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Security agencies should see themselves as one unit during disasters

Security agencies have been urged to see themselves as one indivisible entity while responding to emergency situations. This reminder came at the end of a workshop for stakeholders and improvised explosive devices in mass casualty handling.
The workshop at the instance of the National Emergency Management Agency (NEMA) North Central Zone is meant to address critical security responses to disaster situations so as to sharpen the knowledge of those involved. This was the resolve of the speakers at the workshop yesterday which took place at the Elim Top Suites, Rayfield, Jos.
The workshop was organised to help stakeholders to identify critical resources in the event of an improvised explosive devices (IEDs). The participants were drawn from the police, the air force, civil defence operating in Benue, Nasarawa and Plateau States. Other participants included the Road Safety, Fire Service and the Red Cross.
Welcoming the participants, the Acting Zonal Coordinator of NEMA, North Central Zone, Alhaji Mohammed Abdulsalam, said the aim of the workshop is to identify critical resources in the event of an IED incident and also to ascertain the state of alertness of relevant stakeholders in a pro-active move to mitigate the impact of a large scale emergency.
According to Abdulsalam, “You will agree with me that IEDs have become the cheapest and simplest form of explosive weapon used by terrorist all over the world. It is an element of chemical, biological, radioactive and nuclear (CBRN) component which are manufactured in the form of an integrated circuit (ICs) in some cases and used as a weapon of mass destruction when detonated either by a suicide bomber or when planted in hidden areas as a trap for a specific target.
“Sadly, terrorism has remained a global threat from which no nation is immune. Although Nigeria and the international communities in general have achieved numerous successes in their fight against terrorism, this effort indeed has forced the terrorist to adapt, as they continue to devise new approaches in response to tighter security measures.”
He called on security agencies and other public service officials to demonstrate respect for members of the public through their policies, procedures and conduct. “This gesture would make the public gain confidence in and respect the security agencies and public officials which are instrumental to the fight against terrorism and other crimes in the country and the world at large.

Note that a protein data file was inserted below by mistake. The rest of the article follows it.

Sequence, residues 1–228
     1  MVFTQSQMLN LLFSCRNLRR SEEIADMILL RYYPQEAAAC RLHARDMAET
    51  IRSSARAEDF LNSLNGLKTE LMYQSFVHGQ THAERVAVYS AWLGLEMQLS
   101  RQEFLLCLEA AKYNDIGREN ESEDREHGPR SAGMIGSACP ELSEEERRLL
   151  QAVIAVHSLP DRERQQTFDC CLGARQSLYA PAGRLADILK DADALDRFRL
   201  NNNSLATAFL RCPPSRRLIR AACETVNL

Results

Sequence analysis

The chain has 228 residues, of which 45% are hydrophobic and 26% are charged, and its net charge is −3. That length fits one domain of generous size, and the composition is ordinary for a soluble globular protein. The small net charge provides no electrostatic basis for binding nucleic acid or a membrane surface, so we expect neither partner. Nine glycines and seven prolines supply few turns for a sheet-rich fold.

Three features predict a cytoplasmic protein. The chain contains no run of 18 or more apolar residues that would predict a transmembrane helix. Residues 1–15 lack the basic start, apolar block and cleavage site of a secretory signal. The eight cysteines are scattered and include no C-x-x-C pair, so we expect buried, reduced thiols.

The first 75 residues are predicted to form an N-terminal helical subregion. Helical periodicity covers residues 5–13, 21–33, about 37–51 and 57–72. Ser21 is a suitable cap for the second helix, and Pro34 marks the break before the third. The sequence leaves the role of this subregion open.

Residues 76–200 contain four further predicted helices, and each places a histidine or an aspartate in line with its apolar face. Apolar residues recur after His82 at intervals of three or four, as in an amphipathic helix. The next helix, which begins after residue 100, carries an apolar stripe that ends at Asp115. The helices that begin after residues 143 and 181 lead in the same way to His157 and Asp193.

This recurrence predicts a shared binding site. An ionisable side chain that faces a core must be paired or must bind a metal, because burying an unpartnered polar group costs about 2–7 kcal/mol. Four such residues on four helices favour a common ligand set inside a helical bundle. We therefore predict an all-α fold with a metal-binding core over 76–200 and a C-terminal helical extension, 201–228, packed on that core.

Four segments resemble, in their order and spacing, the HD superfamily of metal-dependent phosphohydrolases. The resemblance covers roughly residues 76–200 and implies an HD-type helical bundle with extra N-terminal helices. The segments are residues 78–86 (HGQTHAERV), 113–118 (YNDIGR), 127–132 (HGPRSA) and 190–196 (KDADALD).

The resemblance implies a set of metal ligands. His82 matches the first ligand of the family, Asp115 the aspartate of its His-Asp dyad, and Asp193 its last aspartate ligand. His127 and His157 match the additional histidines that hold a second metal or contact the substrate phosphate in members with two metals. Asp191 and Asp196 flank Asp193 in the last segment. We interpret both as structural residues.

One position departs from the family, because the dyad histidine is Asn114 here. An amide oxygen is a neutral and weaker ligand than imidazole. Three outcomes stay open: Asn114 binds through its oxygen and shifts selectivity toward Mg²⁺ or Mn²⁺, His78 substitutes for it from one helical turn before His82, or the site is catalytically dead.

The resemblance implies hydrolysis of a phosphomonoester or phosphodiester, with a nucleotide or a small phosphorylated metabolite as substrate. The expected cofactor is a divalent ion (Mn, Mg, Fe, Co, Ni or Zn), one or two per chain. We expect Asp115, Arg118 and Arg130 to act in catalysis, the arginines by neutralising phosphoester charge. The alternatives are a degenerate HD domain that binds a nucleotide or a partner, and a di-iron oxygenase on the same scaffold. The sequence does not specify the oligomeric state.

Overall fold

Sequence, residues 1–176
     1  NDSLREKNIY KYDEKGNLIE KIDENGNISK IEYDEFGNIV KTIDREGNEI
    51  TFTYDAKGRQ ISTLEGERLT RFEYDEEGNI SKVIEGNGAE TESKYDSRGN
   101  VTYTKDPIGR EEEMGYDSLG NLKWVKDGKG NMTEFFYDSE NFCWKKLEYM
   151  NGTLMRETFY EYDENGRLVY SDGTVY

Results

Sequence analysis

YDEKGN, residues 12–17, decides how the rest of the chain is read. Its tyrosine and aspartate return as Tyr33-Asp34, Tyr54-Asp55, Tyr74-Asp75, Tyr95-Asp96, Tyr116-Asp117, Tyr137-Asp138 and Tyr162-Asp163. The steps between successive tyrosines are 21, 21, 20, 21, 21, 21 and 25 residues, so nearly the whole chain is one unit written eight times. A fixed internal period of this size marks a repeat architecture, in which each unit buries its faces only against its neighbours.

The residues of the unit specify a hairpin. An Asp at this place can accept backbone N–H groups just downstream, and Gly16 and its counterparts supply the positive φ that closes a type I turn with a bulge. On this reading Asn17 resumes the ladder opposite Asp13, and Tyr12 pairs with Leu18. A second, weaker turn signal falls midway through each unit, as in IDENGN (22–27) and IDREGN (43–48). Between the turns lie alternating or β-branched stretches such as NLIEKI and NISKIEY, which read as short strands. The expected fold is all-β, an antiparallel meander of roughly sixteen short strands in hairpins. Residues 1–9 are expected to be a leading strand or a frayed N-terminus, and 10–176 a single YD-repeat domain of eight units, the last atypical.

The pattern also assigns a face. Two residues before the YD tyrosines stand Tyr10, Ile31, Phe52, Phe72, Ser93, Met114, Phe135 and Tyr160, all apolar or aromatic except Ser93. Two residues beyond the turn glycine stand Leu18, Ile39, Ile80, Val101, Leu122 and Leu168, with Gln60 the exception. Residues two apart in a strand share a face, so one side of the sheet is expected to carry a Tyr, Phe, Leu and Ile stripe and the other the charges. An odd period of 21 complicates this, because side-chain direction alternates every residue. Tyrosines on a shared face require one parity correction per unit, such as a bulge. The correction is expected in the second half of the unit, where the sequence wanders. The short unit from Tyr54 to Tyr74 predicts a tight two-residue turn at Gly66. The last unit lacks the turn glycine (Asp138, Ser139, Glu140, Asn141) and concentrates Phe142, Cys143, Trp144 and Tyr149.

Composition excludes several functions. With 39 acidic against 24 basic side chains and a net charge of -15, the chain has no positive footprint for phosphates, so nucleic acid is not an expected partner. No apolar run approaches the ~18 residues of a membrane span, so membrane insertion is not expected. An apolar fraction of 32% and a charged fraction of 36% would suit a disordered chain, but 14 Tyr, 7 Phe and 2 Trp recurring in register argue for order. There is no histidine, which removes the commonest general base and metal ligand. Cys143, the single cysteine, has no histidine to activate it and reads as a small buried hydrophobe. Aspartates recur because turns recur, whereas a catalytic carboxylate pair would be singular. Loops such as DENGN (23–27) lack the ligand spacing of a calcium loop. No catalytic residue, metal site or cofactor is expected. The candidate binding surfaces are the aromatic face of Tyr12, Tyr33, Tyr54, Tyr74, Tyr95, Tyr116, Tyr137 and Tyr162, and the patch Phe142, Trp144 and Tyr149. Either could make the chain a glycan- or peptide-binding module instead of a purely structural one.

“It is note worthy to mention here that in order to combat, mitigate and respond effectively to IED and CBRN incidence, the security agencies, relevant stakeholders as well as members of the public must be sufficiently prepared through awareness creation activities and also acquiring best knowledge on IEDs and CBRN hazards that threaten the nation.
“Finally, it is my sincere expectation that this exercise will help us all in fashioning the way forward for combating, mitigating and responding to IEDs and other terrorism related emergencies bearing in mind the imperatives of global best practices.”
In a paper titled, “Improvised Explosive Device (IED) and the Challenges of Combating Terrorism in Nigeria,” the Unit Commander, Police Anti-Bomb Squad, Plateau State Command, Assistant Superintendent Abel Mbibi, enumerated some of the challenges faced in checking the menace to include lack of political will, religious differences, disregard to expert advice by decision makers and lack of coordination due to undefined roles by disaster managers.
Mbibi specifically noted that when Boko Haram surfaced initially, there was no political will to confront it until it has now acquired a bigger dimension, adding that leaders are not ready to take advice from their juniors who know better in that field. He said senior security do not know the role they are supposed to play during emergencies.
“There is that dangerous division among security agencies during terrorist attacks. We will do it alone and get credit. And again, there is lack of awareness by the members of the public on steps to take in the event of disaster.”
Mbibi also mentioned as one of the inhibitions the lack of necessary tools and equipment by the security officers to work with, advising that NEMA should have tools and adequate equipment to manage disasters.
On his part, Superintendent of Police, Anti-Bomb Squad, Nasarawa State Police Command, Mr. Adamu Mohammed Muye, also shared his experience in the field of disasters, saying that the IEDs are very disastrous.

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